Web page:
Fox News notes that the new rules do not include a policy “forbidding schools from enacting outright bans on transgender athletes competing against biological females.”

“The Biden administration was widely expected to bring in such a policy but has instead put the provision on hold,” reports the outlet. “The delay is widely seen as a political maneuver during an election year in which Republicans have rallied around bans on transgender athletes in girls' sports.”

In another major change, the Biden administration repealed the rules of governing due process during a sexual assault allegation that was enacted under Trump in 2020. 

Coaches and colleges cannot suspend athletes who have been accused of sexual assault until the completion of the investigation into their conduct. The new rules also change “a controversial rule directing schools to conduct live hearings with cross-examination, instead allowing colleges and universities to have investigators question parties individually or during a live hearing in which each party can submit questions,” per ESPN.

Colleges and universities have until Aug. 5 to comply with the DOE’s new rules. 

Female advocates for girls’ sports denounced the Biden administration’s revision, which they warn will adversely impact biologically female athletes.

Former NCAA Division 1 swimmer Riley Gaines wrote on X that the rewrite means “men can take academic AND athletic scholarships from women ... men will have FULL access to bathrooms, locker rooms, etc,” and “students and faculty MUST compel their speech by requiring the use of preferred pronouns.”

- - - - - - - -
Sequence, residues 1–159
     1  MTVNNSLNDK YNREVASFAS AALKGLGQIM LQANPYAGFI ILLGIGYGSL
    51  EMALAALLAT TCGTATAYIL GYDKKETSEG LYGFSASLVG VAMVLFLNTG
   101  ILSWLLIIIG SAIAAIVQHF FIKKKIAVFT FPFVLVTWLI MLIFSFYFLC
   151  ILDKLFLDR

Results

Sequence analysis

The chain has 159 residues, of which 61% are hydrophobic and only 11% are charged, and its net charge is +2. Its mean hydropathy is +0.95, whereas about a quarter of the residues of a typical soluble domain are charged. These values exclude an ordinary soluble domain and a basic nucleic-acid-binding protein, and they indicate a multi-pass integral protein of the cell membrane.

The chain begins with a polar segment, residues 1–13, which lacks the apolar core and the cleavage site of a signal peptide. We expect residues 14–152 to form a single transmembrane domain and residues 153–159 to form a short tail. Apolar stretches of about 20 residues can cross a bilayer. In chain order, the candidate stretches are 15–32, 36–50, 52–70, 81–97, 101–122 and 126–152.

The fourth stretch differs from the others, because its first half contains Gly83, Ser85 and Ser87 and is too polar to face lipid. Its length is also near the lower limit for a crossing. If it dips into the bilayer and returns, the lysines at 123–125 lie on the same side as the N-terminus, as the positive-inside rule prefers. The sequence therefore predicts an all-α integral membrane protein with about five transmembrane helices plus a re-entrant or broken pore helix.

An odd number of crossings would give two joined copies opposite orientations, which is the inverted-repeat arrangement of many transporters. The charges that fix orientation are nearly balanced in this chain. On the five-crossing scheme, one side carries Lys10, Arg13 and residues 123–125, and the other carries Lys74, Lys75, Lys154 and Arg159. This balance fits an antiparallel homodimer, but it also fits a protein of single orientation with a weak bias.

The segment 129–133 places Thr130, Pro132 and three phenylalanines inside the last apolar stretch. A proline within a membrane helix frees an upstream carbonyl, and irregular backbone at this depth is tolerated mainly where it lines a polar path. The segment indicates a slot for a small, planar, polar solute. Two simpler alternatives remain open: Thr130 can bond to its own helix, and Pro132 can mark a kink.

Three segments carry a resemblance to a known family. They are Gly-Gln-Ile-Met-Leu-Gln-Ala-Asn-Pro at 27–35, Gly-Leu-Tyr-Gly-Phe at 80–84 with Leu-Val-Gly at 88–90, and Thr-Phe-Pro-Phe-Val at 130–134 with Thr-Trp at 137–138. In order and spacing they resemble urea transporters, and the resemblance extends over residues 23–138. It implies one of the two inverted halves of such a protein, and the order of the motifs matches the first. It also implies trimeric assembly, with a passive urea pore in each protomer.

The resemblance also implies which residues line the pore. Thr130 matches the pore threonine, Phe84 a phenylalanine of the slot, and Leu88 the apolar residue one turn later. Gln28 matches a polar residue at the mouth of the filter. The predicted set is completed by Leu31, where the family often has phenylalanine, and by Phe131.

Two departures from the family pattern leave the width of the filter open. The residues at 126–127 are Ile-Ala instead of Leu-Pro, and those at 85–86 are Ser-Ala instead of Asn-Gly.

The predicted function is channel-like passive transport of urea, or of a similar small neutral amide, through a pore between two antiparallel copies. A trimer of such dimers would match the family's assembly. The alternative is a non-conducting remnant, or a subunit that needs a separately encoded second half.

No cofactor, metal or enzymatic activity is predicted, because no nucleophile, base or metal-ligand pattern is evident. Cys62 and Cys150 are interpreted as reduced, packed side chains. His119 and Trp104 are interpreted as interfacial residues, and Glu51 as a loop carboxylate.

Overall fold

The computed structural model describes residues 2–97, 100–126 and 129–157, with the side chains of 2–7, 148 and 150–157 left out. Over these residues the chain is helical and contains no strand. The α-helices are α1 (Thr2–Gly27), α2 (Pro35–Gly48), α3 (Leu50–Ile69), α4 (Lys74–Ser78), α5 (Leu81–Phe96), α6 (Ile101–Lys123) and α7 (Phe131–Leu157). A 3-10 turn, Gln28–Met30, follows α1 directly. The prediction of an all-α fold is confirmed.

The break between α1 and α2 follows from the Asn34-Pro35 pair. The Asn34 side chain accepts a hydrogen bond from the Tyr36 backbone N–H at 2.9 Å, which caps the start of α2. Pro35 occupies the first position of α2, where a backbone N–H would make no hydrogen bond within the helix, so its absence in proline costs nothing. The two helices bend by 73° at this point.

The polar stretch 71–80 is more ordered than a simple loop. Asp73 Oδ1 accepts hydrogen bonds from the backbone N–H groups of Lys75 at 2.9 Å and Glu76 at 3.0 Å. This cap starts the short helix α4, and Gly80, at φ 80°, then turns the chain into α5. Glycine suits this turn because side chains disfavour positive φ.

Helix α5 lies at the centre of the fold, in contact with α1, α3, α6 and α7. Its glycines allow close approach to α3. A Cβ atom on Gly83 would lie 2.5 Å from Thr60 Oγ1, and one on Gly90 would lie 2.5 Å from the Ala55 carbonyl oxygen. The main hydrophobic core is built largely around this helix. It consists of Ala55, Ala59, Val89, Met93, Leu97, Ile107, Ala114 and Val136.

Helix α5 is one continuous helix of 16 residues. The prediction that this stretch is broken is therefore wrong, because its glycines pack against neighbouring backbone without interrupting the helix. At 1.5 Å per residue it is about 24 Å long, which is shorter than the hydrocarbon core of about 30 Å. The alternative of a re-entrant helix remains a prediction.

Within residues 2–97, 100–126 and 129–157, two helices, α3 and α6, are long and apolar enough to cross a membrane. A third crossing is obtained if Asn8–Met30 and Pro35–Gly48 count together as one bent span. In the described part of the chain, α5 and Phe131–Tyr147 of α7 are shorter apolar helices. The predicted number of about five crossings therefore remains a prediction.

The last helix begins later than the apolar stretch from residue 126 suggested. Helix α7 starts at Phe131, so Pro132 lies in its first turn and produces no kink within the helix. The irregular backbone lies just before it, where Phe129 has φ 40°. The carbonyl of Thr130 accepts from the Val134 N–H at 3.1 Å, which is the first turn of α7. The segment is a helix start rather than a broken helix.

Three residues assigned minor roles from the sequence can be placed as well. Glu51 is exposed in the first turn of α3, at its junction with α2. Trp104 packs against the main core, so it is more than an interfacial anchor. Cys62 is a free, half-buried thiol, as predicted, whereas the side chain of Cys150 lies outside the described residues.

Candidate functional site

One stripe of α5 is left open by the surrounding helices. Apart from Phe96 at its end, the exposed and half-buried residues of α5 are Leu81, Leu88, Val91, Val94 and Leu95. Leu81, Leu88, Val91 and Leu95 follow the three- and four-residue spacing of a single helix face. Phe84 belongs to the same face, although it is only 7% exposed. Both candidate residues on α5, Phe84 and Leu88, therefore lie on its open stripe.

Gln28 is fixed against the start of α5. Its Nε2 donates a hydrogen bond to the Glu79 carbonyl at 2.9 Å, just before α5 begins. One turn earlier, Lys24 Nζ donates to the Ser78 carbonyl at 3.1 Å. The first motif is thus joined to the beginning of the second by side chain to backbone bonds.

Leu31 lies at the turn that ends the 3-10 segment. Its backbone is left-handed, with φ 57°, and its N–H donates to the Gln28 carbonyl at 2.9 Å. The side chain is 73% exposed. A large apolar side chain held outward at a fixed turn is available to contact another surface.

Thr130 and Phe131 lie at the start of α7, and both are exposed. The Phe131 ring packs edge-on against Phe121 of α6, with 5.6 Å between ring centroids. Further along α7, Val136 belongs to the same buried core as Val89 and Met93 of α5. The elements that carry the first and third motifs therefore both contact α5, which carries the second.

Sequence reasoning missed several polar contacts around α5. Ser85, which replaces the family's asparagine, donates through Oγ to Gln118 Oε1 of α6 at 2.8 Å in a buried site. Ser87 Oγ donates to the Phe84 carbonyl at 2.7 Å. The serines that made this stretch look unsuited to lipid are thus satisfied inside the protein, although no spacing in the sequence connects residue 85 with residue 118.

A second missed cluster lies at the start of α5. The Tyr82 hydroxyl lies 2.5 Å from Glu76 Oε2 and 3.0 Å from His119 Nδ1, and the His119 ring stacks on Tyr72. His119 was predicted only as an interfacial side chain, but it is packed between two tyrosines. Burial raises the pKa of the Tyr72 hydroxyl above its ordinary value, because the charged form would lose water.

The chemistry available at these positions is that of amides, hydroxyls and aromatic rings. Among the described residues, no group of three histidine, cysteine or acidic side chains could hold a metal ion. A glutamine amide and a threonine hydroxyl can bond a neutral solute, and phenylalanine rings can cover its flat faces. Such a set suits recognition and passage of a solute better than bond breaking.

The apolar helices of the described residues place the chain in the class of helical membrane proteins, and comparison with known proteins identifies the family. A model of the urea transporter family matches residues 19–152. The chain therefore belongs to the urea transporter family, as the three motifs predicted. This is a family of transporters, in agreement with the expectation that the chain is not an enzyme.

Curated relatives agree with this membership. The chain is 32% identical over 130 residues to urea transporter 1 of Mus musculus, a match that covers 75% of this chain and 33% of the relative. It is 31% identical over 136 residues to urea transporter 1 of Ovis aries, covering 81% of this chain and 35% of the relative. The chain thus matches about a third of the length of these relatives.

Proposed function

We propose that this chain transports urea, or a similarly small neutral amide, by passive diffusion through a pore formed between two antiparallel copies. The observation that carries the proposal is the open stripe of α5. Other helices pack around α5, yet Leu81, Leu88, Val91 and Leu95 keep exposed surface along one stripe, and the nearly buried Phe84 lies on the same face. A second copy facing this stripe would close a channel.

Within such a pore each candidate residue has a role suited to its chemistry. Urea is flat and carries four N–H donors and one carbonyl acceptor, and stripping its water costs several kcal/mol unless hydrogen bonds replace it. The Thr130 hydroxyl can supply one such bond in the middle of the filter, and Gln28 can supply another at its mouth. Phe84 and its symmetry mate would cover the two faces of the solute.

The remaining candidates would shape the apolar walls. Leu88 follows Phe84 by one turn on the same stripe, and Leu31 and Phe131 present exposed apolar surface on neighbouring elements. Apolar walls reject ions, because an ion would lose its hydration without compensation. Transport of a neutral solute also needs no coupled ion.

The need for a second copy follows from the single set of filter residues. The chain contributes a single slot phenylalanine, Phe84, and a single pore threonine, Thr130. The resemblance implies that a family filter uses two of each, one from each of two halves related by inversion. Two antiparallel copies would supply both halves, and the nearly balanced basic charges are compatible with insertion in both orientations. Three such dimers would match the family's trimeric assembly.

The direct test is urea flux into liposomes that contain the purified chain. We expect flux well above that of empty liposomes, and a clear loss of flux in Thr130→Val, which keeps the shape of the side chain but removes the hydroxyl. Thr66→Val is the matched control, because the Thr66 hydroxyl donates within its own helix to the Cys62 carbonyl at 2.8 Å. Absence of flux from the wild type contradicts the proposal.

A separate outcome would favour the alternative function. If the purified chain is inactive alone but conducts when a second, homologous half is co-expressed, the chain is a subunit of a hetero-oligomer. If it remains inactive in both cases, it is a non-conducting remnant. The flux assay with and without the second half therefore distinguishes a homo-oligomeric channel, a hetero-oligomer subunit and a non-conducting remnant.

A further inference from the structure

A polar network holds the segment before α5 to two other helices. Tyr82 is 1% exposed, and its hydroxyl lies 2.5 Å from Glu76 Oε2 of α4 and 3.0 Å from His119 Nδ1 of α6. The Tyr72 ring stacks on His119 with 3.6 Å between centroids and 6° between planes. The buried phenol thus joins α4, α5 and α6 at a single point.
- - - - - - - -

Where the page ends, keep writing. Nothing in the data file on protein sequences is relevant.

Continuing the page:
DO NOT EVER LET ANY DEMOCRAT TELL YOU THEY CARE ABOUT WOMEN’S RIGHTS EVER AGAIN IF THEY DO NOT STAND UP TO THIS ABOMINATION OF A TITLE IX REVISION,” wrote journalist Megyn Kelly in a post. “These regs are a nuclear level attack on women’s rights and men’s due process rights. JOE BIDEN MUST GO.”

“I never thought I’d see the day where Title IX would be used to harm women, but sadly, that day has come,” wrote Betsy DeVos, who served as Secretary of Education during the Trump administration.

The original language of Title IX of the Education Amendments of 1972 stated, “No person in the United States shall, on the basis of sex, be excluded from participation in, be denied the benefits of, or be subjected to discrimination under any education program or activity receiving Federal financial assistance.” The amendment was made law on June 23, 1972 and was celebrated as the launch pad of feminist lawmaking, per the National Women’s History Museum.

According to an article by R. Shep Melnick for National Affairs:

The key to understanding current disputes over Title IX is to appreciate just how far federal regulations have departed from the law's original purpose. Title IX initially focused on what happens in the classroom. That focus soon shifted to the playing field, then shifted again to bedrooms and bathrooms. Over the past five decades, the understanding of nondiscrimination underlying Title IX has steadily drifted away from eliminating institutional barriers to educational opportunity for women and girls, and toward the much more ambitious project of changing the way we think about sex differences, gender roles, and sexuality in general.